These particular palpitations went away with exercise, which seemed like a good excuse to run, run, run. Thanks to the shorter waiting times, because of my private health insurance, I only had to wait three months to see a cardiologist.
When I finally did darken his door he just waved the palpitations away as being inconsequential, because there were no accompanying symptoms. No exercise intolerance. No shortness of breath. No chest pain. Not completely inconsequential, however, because he warned me off any future marathons. 15 km was okay, 42.2 km was not. Apparently that amount of cardiac stress for that long tends to cause myocardial fibrosis, or scarring, which can then lead to potentially fatal arrhythmias (http://running.competitor.com/2012/06/news/how-much-running-is-bad-for-your-heart_54331, http://www.mayoclinicproceedings.org/article/S0025-6196(12)00473-9/abstract). Happy news.
And he stuck a 24 hour monitor on me just to see what my heart was getting up to when no one was watching. Not much, it seems. While I am asleep, so is my heart. My sleeping heart rate dropped to as low as 27 beats per minute (60-80 is average) with up to six seconds between beats. Apparently this means I am either fit or have severe conduction issues that will need a pacemaker to sort out. Ironically the only way to decide is to make me unfit and see if anything changes.
So for the next six weeks I have been banned from running. He wanted to ban me from doing anything at all but I convinced him to let me keep going to the gym as long as I didn’t “do anything silly” as he put it. That’s two races I now have to miss, including chasing a historic steam train into the hills.
I must admit to having mixed feelings about the marathon ban. I wasn’t too sure if I wanted to put myself through all that training again anyway. However, the complete running ban is something different altogether. I can already feel my fast (and slow) twitch fibres getting twitchy.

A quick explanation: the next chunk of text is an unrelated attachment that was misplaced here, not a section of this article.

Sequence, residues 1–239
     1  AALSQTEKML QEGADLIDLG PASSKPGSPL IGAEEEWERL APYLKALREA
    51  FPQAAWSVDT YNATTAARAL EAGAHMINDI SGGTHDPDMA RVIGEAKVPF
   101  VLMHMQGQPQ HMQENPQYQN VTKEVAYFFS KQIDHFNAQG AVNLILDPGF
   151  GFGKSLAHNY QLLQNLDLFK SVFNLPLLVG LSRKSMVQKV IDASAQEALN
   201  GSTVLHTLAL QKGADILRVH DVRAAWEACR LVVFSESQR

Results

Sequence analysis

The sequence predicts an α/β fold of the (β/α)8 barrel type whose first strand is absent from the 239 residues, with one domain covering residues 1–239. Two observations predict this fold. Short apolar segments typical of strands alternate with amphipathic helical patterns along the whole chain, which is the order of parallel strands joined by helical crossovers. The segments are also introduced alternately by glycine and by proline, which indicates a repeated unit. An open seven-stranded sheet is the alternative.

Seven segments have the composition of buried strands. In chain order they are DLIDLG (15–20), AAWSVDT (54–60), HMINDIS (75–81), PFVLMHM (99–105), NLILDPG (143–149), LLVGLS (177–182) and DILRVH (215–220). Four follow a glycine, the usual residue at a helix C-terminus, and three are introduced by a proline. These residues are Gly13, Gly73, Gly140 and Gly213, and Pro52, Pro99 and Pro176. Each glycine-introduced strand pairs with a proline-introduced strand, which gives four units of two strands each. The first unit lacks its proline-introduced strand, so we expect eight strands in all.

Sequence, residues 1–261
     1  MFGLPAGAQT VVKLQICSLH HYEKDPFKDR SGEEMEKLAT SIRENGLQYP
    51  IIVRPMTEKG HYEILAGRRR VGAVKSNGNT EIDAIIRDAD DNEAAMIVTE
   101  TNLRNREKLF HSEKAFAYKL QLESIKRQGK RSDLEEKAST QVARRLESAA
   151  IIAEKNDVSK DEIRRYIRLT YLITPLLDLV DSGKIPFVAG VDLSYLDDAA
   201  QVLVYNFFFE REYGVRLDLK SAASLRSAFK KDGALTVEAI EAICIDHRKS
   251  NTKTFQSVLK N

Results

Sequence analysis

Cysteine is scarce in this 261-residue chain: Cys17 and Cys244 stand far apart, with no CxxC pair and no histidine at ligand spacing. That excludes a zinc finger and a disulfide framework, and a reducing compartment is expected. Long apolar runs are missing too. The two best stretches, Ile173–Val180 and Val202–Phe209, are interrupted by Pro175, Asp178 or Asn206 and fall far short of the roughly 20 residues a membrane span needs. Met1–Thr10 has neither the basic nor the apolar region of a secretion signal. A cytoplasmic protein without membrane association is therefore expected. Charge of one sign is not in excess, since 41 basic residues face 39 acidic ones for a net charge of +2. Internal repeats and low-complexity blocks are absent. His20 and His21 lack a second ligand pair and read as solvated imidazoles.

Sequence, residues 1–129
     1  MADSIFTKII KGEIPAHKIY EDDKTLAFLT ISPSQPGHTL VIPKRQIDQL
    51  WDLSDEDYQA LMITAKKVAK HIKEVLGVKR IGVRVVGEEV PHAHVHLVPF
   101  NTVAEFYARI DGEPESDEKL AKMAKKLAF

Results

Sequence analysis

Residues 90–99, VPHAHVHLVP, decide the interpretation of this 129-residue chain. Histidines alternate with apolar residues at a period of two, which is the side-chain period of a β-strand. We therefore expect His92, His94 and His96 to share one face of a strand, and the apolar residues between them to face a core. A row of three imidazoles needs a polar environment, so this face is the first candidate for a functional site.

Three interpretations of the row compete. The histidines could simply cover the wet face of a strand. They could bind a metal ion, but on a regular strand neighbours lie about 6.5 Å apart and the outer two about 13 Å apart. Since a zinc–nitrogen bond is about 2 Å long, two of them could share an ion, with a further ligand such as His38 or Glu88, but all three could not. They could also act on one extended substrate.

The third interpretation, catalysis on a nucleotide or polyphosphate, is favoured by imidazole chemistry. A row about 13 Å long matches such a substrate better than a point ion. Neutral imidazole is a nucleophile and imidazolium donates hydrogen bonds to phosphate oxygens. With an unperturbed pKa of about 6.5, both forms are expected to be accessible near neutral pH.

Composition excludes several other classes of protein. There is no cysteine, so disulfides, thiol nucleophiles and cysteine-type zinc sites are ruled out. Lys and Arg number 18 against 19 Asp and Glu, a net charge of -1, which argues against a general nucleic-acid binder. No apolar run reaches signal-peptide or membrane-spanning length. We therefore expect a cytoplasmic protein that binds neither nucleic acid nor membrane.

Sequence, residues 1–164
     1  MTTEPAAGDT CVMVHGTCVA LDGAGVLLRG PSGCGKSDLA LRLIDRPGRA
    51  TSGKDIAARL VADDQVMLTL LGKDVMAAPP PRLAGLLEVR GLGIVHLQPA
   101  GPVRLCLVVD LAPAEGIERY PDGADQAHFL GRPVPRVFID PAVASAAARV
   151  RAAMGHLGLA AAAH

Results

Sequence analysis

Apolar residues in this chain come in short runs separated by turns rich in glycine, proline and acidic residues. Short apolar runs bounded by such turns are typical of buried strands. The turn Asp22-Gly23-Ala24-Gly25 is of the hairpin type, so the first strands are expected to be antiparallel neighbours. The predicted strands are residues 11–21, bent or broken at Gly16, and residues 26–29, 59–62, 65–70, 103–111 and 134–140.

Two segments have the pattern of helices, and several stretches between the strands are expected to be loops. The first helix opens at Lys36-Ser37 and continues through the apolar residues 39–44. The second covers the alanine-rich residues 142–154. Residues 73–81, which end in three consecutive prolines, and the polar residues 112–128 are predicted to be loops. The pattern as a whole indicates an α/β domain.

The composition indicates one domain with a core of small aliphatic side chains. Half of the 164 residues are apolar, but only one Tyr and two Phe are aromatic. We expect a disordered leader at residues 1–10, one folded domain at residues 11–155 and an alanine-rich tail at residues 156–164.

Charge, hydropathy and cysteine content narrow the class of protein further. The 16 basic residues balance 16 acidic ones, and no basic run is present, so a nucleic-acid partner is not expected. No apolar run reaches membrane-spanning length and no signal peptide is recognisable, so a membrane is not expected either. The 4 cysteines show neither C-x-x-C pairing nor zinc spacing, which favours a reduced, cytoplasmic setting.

And how confident can you be in the prognostications of a fat cardiologist? Isn’t obesity one of the key risk factors for heart disease? I half expected him to light up a Marlboro and start chewing on a lard sandwich.
Still, for the moment at least, the running ban is irrelevant as I smashed my back escaping from Eddie’s headlock at last Monday’s Krav Maga session. I have so much pain in my right thigh (referred presumably from my spine) and have taken so many different analgesics that even typing is a challenge at the moment.
The unbelievable irony of all this has not escaped me. Everything I read, see, and hear tells me to go out and exercise. Be active and I will live to 156. Having taken that advice I am now being told that I am too active, and possibly too fit and that I need to spend the next month sitting on the couch watching television. This could get very ugly before it is over.
Dr. F. Bunny
It does strike me as vaguely incongruous the amount of time, effort and money I spend exerting myself, whether it be plain running, obstacle running or lifting heavy things at the gym. As all of these activities are now big business I am obviously not alone in my desire to raise a sweat for no good reason.
I have been watching an interesting series called “Blood, Sweat and Luxuries”. The program takes a group of young, rich, spoiled British men and women and shows them exactly what is involved to bring them the luxuries they take for granted. They travel to a sapphire mine in Madagascar, a coffee plantation in Ethiopia, a gold mine in Ghana and an electronics factory in the Philippines. For a day or two they must participate in the same work as the locals and are then paid a corresponding pittance. Needless to say the work is unbelievably difficult and mind numbingly repetitive, and it certainly sheds light on the hard lives that people lead in order to deliver us the things that complement our soft lives.
It is hard to imagine any of these people going for a 10 km run after work or paying to crawl through mud under strands of barbed wire. I would think that, at the end of their working day, they would like nothing better than to have a nice sit down and watch a bit of tellie. If only they had a tellie, or electricity for that matter.
Still, this need to exert ourselves must obviously be hard wired into our DNA. Otherwise, why would people lucky enough to lead lives of physical ease pay big bucks to put themselves through intense physical challenges when they don’t have to?
Dr. F. Bunny